3. He requests no more than what God had done for him at other times: Thou hast enlarged me in trouble, and why not now?

4. It was mercy and favour to answer him then; it will be the same to do it again: "Have mercy on me, and hear."

II. His petition being thus proposed and ended, he proceeds to the doctrinal part; and, turning himself to his enemies, 1. He sharply reproves them; 2. Then warns them, and gives them good counsel.

1. He turns his speech from God to men; the chief but the worst of men. beney ish, "ye eminent men." Not plebeians, but nobles. The charge he lays to them, 1. They "turned his glory into shame." They endeavoured to dishonour him whom God had called and anointed to the kingdom. 2. "They loved vanity." A vain attempt they were in love with. 3. "They sought after falsity." They pursued that which would deceive them; they would find at last that treachery and iniquity lied to itself. 4. That this charge might have the more weight, he figures it with a stinging interrogation, How long? Their sin had malice and pertinacity in it; and he asks them how long they intended to act thus.

And that they might, if possible, be drawn from their attempts, he sends them a noverint, know ye, which has two clauses: 1. Let them know that God hath set apart him that is godly for himself. 2. That God will hear, when either he or any good man calls upon him.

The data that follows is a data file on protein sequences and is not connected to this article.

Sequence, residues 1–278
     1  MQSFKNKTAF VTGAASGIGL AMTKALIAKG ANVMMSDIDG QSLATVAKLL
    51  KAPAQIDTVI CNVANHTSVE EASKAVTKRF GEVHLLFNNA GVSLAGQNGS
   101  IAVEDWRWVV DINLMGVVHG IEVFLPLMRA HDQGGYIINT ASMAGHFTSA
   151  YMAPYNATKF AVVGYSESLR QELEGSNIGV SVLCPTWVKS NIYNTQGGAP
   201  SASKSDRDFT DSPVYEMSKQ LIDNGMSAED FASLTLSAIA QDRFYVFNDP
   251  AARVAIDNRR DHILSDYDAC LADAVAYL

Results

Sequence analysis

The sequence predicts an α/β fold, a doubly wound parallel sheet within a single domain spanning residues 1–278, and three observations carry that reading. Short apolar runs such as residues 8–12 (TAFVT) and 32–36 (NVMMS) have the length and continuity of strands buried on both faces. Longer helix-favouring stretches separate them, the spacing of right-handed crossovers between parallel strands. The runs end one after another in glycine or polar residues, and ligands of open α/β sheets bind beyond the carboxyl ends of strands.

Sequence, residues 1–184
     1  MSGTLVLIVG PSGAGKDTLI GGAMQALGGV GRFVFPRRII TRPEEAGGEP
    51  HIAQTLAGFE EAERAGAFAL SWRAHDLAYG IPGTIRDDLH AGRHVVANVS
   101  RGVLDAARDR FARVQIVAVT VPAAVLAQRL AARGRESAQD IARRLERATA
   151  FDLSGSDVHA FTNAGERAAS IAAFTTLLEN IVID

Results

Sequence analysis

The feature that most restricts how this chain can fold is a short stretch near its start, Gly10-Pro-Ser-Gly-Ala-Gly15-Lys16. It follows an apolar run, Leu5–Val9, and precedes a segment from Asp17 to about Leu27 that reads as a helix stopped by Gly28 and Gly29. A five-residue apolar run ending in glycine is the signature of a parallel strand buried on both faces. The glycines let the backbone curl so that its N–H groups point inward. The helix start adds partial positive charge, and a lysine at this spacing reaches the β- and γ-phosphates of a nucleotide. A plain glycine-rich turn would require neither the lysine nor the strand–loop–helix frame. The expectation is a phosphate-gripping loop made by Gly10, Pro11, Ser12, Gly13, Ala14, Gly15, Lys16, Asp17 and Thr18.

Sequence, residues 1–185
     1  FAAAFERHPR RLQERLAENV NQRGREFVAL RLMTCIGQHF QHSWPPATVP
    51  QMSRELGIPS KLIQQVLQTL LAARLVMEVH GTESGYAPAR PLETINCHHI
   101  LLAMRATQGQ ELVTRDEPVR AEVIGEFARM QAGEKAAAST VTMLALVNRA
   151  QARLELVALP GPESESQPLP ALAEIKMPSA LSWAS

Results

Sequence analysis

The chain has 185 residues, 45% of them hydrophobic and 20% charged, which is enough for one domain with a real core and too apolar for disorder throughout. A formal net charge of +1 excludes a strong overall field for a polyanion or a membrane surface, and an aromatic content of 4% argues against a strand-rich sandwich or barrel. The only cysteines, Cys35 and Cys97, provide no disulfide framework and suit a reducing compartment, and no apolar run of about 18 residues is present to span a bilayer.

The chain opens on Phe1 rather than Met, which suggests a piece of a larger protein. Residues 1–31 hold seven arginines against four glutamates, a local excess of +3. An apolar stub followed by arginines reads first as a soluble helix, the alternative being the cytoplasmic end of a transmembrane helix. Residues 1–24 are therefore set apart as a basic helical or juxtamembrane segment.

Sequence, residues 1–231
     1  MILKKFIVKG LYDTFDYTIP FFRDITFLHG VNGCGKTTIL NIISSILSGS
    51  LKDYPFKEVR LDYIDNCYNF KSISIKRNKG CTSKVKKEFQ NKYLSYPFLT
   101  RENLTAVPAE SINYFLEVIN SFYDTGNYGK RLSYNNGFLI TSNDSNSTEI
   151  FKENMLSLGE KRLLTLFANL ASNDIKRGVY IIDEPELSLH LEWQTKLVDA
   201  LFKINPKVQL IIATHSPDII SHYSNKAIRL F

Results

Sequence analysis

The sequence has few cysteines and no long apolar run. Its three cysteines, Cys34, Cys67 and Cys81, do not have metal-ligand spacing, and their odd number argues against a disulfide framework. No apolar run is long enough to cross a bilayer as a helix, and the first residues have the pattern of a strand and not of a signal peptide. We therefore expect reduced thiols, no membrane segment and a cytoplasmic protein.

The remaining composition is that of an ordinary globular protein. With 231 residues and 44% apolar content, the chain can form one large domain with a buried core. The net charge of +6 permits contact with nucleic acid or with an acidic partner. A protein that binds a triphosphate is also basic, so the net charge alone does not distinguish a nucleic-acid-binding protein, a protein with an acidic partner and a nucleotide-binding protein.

2. The reproof being ended, he gives them good counsel: -

1. That though they be angry, they ought not to let the sun go down upon their wrath.

2. That they commune with their own hearts - their conscience. That they do this on their beds, when secluded from all company, when passion and self-interest did not rule; and then they would be the better able to judge whether they were not in an error, whether their anger were not causeless, and their persecution unjust?

3. That they offer the sacrifice of righteousness-that they serve and worship God with an honest, sincere, and contrite heart.

4. That they put their trust in the Lord; trusting no more to their lies, nor loving their vanities, but relying on God's promises.

III. The third part begins with this question, Who will show us any good? 1. Who will show us that good which will make us happy? To which David, in effect, returns this answer, that it is not bona animi, intellectual gifts; nor bona fortunae, earthly blessings; nor bona corporis, corporeal endowments: but the light of God's countenance. 2. Therefore he prefers his petition: "Lord, lift thou up the light of thy countenance upon us." God's countenance is his grace, his favour, his love, and the light of his countenance, the exhibition and expression of this grace, favour, and love; in which alone lies all the happiness of man. Of this David expresses two effects, gladness and security: -

1. Gladness and joy far beyond that which may be had from any temporal blessings: "Thou hast put gladness in my heart more than in the time that their corn, and wine, and oil increased; gladness beyond the joy in harvest; and this joy is from the light of God's countenance. Thou puttest. THOU, by way of eminence.

2. Security, expressed under the metaphor of sleep: "I will lay me down in peace, and sleep;" just as in a time of peace, as if there were no war nor preparation for battle.

3. To which he adds the reason: "For thou Lord, alone makest me to dwell in safety." I am safe, because I enjoy the light of thy countenance.

Bibliographical Information
Clarke, Adam. "Commentary on Psalms 4". "The Adam Clarke Commentary". 1832.